South Bend

When I was five, my mother read to me before bedtime. We never read in bed. “Beds,” she told me, “are for sleeping.” My father would be absent, traveling for work, and we would gather ourselves in the den, just the two of us, on a couch covered in faded flower-print chintz, my mother holding the book, me half in, half out, her lap. My mother wore gray flannel skirts in those days, and a fluffy white angora sweater with fibers that tickled your nose when you snuggled. In the seventies, she wore a clunky necklace of amber beads. They disappeared, I recall, shortly after the election of Ronald Reagan, replaced by a strand of pearls.

The first book we read together was Beowulf. The choice was typical of what my mother called “good common sense.” If, she thought, I was to understand English literature, I should probably begin at the beginning. In retrospect, I imagine there was a second, slightly more self-serving reason for her choice. She was teaching in the University of Chicago’s Great Books program at our local elementary school and needed to read the book for class. Two birds, one stone. Good common sense.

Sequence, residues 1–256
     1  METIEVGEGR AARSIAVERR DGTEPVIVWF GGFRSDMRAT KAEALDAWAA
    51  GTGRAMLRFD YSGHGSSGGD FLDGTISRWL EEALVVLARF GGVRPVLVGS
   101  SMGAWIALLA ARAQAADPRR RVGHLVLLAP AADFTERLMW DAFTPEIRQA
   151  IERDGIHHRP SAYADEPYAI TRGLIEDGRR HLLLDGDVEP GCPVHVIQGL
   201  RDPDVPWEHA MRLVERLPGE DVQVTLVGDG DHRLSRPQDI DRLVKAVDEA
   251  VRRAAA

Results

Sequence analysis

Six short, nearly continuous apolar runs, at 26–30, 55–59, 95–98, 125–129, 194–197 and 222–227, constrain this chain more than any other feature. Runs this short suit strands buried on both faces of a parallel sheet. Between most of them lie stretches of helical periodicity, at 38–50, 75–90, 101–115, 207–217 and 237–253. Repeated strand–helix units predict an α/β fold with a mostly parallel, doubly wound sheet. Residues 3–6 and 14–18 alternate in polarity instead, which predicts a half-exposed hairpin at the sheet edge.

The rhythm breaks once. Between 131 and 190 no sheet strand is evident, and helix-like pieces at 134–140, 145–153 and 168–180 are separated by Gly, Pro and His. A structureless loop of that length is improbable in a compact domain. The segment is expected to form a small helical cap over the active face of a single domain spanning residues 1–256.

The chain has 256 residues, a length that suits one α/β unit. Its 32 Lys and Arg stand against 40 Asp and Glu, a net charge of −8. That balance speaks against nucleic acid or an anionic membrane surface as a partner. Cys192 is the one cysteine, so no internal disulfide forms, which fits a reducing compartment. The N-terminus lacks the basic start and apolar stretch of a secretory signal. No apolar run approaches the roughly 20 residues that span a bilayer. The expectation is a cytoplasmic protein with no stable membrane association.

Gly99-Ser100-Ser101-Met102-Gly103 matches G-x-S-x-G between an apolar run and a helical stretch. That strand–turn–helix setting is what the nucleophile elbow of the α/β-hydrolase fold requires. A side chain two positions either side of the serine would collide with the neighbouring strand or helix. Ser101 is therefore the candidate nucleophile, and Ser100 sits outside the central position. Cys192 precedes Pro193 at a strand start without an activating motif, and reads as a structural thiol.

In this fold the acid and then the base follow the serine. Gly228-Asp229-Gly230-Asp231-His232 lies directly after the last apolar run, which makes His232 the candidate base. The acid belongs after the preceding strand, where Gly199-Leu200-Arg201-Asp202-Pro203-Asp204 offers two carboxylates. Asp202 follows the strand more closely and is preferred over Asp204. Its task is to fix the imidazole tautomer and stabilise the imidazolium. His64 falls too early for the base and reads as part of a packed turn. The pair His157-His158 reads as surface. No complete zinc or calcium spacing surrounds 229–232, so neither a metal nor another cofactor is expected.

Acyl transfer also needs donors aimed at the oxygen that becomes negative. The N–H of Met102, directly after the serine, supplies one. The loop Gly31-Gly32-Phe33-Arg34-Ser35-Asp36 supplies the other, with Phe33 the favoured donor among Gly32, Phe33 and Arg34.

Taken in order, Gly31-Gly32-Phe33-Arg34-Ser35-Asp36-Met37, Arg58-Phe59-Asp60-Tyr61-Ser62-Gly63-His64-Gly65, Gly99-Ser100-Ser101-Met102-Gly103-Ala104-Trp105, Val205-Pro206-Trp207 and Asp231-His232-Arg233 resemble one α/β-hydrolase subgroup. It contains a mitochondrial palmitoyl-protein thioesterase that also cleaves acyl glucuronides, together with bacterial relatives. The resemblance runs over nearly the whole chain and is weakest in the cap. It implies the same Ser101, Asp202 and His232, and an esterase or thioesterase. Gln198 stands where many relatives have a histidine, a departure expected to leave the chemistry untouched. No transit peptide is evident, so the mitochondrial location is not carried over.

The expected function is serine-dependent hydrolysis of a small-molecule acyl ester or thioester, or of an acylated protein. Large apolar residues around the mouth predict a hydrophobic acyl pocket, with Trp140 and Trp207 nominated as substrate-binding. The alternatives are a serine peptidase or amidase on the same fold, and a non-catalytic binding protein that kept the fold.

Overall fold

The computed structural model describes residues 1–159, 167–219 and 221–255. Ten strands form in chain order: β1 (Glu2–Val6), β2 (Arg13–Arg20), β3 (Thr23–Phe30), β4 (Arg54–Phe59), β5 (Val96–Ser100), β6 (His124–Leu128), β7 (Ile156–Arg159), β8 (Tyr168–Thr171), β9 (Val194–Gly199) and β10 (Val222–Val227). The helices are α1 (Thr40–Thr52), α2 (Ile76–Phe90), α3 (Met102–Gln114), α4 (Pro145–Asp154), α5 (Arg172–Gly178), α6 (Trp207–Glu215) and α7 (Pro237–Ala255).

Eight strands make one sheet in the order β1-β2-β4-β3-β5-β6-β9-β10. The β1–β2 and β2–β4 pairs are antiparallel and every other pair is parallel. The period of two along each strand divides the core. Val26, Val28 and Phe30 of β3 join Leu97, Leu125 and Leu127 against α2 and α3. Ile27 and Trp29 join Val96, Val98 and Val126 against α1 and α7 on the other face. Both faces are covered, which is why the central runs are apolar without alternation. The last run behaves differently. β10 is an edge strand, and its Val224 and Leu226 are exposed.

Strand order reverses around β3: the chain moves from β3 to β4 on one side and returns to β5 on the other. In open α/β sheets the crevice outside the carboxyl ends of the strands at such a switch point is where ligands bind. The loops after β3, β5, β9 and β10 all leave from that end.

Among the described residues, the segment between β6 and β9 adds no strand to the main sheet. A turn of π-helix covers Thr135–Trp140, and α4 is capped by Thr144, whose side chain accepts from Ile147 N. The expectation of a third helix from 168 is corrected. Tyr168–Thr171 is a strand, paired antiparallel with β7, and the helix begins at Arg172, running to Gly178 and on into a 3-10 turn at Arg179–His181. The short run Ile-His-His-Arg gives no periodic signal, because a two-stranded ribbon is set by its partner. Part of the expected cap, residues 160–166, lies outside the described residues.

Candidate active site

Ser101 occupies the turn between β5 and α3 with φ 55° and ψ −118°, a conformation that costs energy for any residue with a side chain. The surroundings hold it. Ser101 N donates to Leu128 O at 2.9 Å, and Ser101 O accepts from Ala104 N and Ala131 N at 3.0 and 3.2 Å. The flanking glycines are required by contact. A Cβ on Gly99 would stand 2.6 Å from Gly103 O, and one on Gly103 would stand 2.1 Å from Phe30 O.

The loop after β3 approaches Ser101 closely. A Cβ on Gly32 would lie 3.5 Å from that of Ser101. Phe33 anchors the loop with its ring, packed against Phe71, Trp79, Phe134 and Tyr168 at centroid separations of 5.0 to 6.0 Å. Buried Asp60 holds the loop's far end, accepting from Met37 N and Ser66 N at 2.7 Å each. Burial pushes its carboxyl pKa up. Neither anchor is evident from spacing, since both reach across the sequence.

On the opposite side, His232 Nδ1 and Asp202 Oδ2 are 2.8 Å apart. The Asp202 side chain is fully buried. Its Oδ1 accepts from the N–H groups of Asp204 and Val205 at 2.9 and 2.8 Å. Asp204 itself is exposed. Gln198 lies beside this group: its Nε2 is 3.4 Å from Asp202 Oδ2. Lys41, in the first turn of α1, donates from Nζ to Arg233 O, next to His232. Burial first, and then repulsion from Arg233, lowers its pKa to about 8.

My mother was always patient with questions.

“Who are the Geats?”

“They are us, the English.”

“Who are the Danes?”

“They are like your father, Germans.”

“What is mead?”


The decision to read Beowulf to a five-year-old might seem odd, in light of contemporary parenting norms, but in the early seventies, perhaps, it didn’t stick out so much. Every other child was reading Sendak’s Where the Wild Things Are with their parents. I’m not sure the Killing of Grendel is that much different from the Wild Rumpus. There were men in odd costumes, dangerous beasts, a timeless, stifling, closed, threatening world—they are basically the same book. I thought the choice was normal.

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